Over the past 20 years, more than 120,000 veterans have committed suicide.
However, the American Legion is all about one number – one. A new campaign, called “Be the One”, aims to change the conversation, reduce the stigma of seeking mental health help and empower everyone to help save a veteran’s life.
At the 103rd American Legion National Convention on August 31, National Commander Paul E. Dillard hosted a special panel on stage to discuss the issue, Legion involvement and more.
“Nothing is more important to the American Legion than preventing veteran suicide,” Dillard said. “We don’t just have to ‘be the one’, but that’s the one – the number one issue for us. I’m excited for this upcoming panel because it’s a discussion we need to have. We need to hear ideas and we must always listen.
VET TV General Manager Waco Hoover, a Navy veteran, served as moderator.
“This is one of the greatest crises facing our military community. And it’s amazing what the Legion is doing when it comes to Be the One,” said Hoover, who sits on the board of Irreverent Warriors, a nonprofit dedicated to veteran suicide prevention. .
The panelists were:
• Dr. Thomas Joiner, Director of the Florida State University Psychology Clinic. He has researched the subject for the Laboratory for the Study and Prevention of Suicide-Related Conditions and Behaviors at FSU. Joiner said the issue is deeply personal to him. “It’s in my family,” he said, noting that he lost his father to suicide. “He was a veteran, having served as a Marine. There were other deaths as well, so it’s deeply personal to me.
• Dave Berkenfield, American Legion member, former Navy SEAL and Chip Ganassi Racing team manager for the Extreme E program. “What we’re trying to accomplish here is change the dialogue,” Berkenfield said , whose story will be shared in the October issue of American Legion Magazine. “Anything we can do, anything I can do, I’m happy to do.”
During the roundtable, Joiner said many of the patients he sees are suicidal, but there is hope.
“There are resources and ways to reverse this tragic phenomenon,” he said. Among them:
• Call the national suicide hotline, 988, press 1.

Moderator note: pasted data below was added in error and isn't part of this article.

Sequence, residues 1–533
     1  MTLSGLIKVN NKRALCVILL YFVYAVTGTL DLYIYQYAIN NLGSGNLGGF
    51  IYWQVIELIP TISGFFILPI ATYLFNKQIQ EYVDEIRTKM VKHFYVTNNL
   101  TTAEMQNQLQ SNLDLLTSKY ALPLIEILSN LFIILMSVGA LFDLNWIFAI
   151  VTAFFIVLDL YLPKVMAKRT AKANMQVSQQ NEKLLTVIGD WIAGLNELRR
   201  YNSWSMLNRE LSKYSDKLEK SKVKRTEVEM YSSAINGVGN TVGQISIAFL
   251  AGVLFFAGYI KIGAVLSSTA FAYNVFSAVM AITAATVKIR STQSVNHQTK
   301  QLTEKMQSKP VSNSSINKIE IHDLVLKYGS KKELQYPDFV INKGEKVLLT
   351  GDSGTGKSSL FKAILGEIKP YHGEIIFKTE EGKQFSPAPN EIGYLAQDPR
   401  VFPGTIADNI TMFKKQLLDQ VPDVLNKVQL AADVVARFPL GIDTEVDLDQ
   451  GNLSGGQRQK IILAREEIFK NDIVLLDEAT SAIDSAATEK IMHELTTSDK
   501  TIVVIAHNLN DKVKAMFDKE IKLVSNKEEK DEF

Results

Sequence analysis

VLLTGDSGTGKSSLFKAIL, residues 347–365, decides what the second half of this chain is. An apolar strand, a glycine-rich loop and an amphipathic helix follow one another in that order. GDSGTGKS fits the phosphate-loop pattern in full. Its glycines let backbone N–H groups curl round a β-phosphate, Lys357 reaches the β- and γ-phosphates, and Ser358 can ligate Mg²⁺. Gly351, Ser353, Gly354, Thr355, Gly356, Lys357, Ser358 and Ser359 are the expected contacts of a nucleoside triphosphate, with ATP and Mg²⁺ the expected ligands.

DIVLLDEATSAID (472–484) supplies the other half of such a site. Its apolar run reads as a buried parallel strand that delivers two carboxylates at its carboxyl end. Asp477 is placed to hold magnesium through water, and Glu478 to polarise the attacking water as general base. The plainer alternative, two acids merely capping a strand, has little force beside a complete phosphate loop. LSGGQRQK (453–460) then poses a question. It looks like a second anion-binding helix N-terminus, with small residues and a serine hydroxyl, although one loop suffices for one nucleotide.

• Discuss with your attending physician. “They see a lot of this and they know how to handle it and know what to do.”
• “If you are a religious person, consult your member of the clergy. They also see a lot of this and know what to do.
Hoover stressed the importance of communication. “Social connections save lives and that’s one of the amazing things about the Legion and this initiative,” he said.
The campaign also aims to change the conversation. Be the one asking for help. Be the one to console a veteran. Be the one to make the difference.
“If we save a life, we win,” Berkenfield said. “And let’s be okay with that.”
And sometimes, “we just need to be the one for ourselves,” Joiner said. “You are human. You have inherent worth, dignity and also deserve rescue.
Berkenfield recalled a phrase, “What level are you ready to participate in,” coined by a former SEAL teammate.
“That was how we lived our lives,” he explained. “We have to compete at the highest level. Everyone in this room is somehow associated with service. I would now like to ask you as a veteran, as a member of the American Legion, in this Be the One campaign, at what level are you ready to participate? Each of you has this ability to ‘Be One’. Let’s start here.
Berkenfield’s story is part of a special series on “Be the One,” which began in the magazine’s September issue. Additionally, the American Legion’s podcast Tango Alpha Lima will feature a guest discussing suicide awareness and the issue of prevention each week during the month of September. Episodes will be available every Tuesday morning on the podcast webpageas well as podcast hosting sites.